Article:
Despite Palestinian protests and international criticism, Israeli bulldozers with hundreds of soldiers and police officers went to the Palestinian village of Sur Baher on Monday to demolish about 100 homes in the Wadi al-Hummus area near the Separation Wall.
The Israeli military looks at the houses near the barrier that crosses the occupied West Bank and is locally referred to by the Palestinians as the "apartheid wall" – a security risk.
The Israeli Supreme Court ruled in favor of the military last month and set Monday as the deadline for the demolition of houses – an act the Palestinians will call a precedent for other cities along the route of the barrier, the Hundreds of kilometers around and through the Israeli-occupied West Bank.
Palestinians accuse Israel of using security as a pretext to expel them from the area as part of a long-term effort to expand settlements. All settlements in occupied Palestinian territories are illegal under international law.
They also point out that most of the buildings in the Wadi al-Hummus area, located within Sur Baher, are under the Palestinian Authority and civilian control of the Oslo Accords.
"Watching their house be torn apart"
The sprawling village of Sur Baher borders the border between occupied East Jerusalem and the occupied West Bank. Rob Matheson of Al Jazeera said this was a "very gloomy and sad day" for many residents.
"We heard very loud bangs from a building right next door o where we are now, and that was a big mechanical excavator that demolished part of the roof of this building where two families lived until this morning," said he.
"We understand that one of the family's father sat in a chair in the street below us and watched his house being torn apart."
Matheson said, on the other side of the separation wall, a crane has chunks out taken the side of a building with a big mechanical claw.
"Right behind me is an unfinished building where demolition workers drill holes in the wall," he said. "We know they'll use explosives there to collapse the building."
Sur Baher, a Palestinian village on the outskirts of occupied East Jerusalem, was conquered by Israel in 1967 and occupied the war.
The imminent demolition is the final round of protracted confrontations over the future of Jerusalem, home to places sacred to Judaism, Islam and Christianity.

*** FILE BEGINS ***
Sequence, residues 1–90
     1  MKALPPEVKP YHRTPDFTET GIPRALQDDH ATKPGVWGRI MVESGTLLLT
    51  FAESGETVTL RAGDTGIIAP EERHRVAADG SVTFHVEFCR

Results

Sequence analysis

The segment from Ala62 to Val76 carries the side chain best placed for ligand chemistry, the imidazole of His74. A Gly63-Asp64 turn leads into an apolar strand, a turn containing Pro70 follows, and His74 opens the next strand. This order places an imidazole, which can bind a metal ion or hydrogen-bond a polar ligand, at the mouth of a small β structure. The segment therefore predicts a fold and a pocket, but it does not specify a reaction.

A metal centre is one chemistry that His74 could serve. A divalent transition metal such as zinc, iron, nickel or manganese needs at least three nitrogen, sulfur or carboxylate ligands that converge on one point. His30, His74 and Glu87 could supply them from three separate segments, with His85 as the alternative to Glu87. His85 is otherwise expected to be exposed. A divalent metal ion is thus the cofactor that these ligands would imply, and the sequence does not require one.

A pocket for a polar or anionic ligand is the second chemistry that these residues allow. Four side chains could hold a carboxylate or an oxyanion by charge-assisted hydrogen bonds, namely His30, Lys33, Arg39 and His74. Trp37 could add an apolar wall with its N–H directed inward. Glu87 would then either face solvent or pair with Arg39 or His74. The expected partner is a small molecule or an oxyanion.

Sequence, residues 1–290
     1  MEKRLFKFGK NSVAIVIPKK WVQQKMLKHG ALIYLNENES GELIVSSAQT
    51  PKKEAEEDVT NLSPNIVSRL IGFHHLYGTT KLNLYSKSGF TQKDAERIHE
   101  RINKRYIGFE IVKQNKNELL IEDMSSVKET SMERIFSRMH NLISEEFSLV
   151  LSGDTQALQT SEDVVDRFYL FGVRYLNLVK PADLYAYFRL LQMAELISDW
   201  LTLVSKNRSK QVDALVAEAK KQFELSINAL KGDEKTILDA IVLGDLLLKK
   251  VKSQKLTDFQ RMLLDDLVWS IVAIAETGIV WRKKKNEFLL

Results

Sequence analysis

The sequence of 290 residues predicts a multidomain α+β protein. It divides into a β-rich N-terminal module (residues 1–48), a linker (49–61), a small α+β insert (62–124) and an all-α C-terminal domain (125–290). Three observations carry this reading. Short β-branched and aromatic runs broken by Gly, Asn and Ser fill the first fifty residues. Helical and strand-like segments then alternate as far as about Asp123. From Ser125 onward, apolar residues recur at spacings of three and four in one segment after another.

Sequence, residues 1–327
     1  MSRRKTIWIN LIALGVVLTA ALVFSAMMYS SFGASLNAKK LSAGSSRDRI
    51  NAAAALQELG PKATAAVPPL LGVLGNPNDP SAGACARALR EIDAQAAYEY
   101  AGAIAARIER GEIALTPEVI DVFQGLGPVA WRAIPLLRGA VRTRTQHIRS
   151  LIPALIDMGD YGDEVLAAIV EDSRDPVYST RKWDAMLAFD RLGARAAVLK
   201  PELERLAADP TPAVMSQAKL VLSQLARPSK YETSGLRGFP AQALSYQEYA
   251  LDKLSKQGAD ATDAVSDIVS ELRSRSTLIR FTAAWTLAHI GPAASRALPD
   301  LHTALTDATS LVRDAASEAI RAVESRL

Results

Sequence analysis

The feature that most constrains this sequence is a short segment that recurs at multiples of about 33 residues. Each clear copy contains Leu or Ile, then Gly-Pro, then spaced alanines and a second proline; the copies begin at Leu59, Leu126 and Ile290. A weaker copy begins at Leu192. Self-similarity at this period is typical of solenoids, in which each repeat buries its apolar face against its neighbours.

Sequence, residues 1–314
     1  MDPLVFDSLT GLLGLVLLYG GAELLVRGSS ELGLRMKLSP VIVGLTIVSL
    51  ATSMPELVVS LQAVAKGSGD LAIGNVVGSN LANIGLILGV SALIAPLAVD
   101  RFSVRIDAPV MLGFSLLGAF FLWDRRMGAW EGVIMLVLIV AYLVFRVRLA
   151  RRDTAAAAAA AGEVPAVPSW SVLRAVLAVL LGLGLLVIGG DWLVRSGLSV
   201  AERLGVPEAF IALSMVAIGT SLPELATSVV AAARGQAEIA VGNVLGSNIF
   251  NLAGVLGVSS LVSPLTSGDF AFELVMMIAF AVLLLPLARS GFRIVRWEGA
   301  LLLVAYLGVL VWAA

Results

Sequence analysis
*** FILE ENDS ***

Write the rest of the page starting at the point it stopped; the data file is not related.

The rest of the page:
The inhabitants said they were homeless. The owners said they had received planning permission from the Palestinian Authority, which exercises limited self-government in the Israeli-occupied West Bank.
"When the house is demolished, we will be on the streets." Ismail Abadiyeh, 42, who lives in one of his family-threatened buildings, including four children, told the diplomat last week.
However, the Israeli Supreme Court declared that the structures violated a building ban.
"Hundreds of Soldiers"
Israeli forces were severed early Monday the wire fence near the village to facilitate access to the buildings.
Floodlight illuminates a partially multi-storey building where dozens of vehicles brought police and soldiers wearing helmets around.
They were filmed and photographed by Palestinian, Israeli and international activists who tried to stop the demolition.
"Since 2 o'clock in the morning, they have forcibly evicted people from their homes and planted explosives in the homes they want to destroy, here are hundreds of soldiers," said Hamada Hamada, a community leader in one of the threatened areas.
"Empower Israeli Occupation Forces"
Threatened structures lie in areas they should control. The buildings were originally all approved and approved by the Palestinian Authority, which manages this part of the district.
The Palestine Liberation Organization (PLO) issued a statement accusing the Israeli court of "setting a precedent that will allow the Israeli occupation forces to demolish numerous Palestinian buildings located in the immediate vicinity of the Palestinian Authority Wall are located ".
Jamie McGoldrick, the United Nations humanitarian coordinator, and other UN officials called on the Israeli authorities to stop the demolition plans last week. They said 17 Palestinians face plans to move to Level 10 buildings, including dozens of apartments.
The European Union issued a statement saying, "The continuation of this policy undermines the viability of the two-state solution and the prospect of a lasting peace."
However, the Israeli Supreme Court said that a construction near the wall could provide protection for attackers. The Israeli military did not comment directly on Monday and said it was reviewing the reports.
Israel describes the separation wall – which is expected to be 720 km after its completion – with the containment of Palestinian suicide bombers, which reached their peak in 2002 and 2003. Palestinians call it a land grab, annexing parts of the West Bank, including Israeli settlements.
In some areas of Jerusalem and the West Bank, the wall is a high concrete wall, but in Sur Baher it consists of two wire-fenced patrol streets separated by a military and protected by watchtowers and electronic sensors.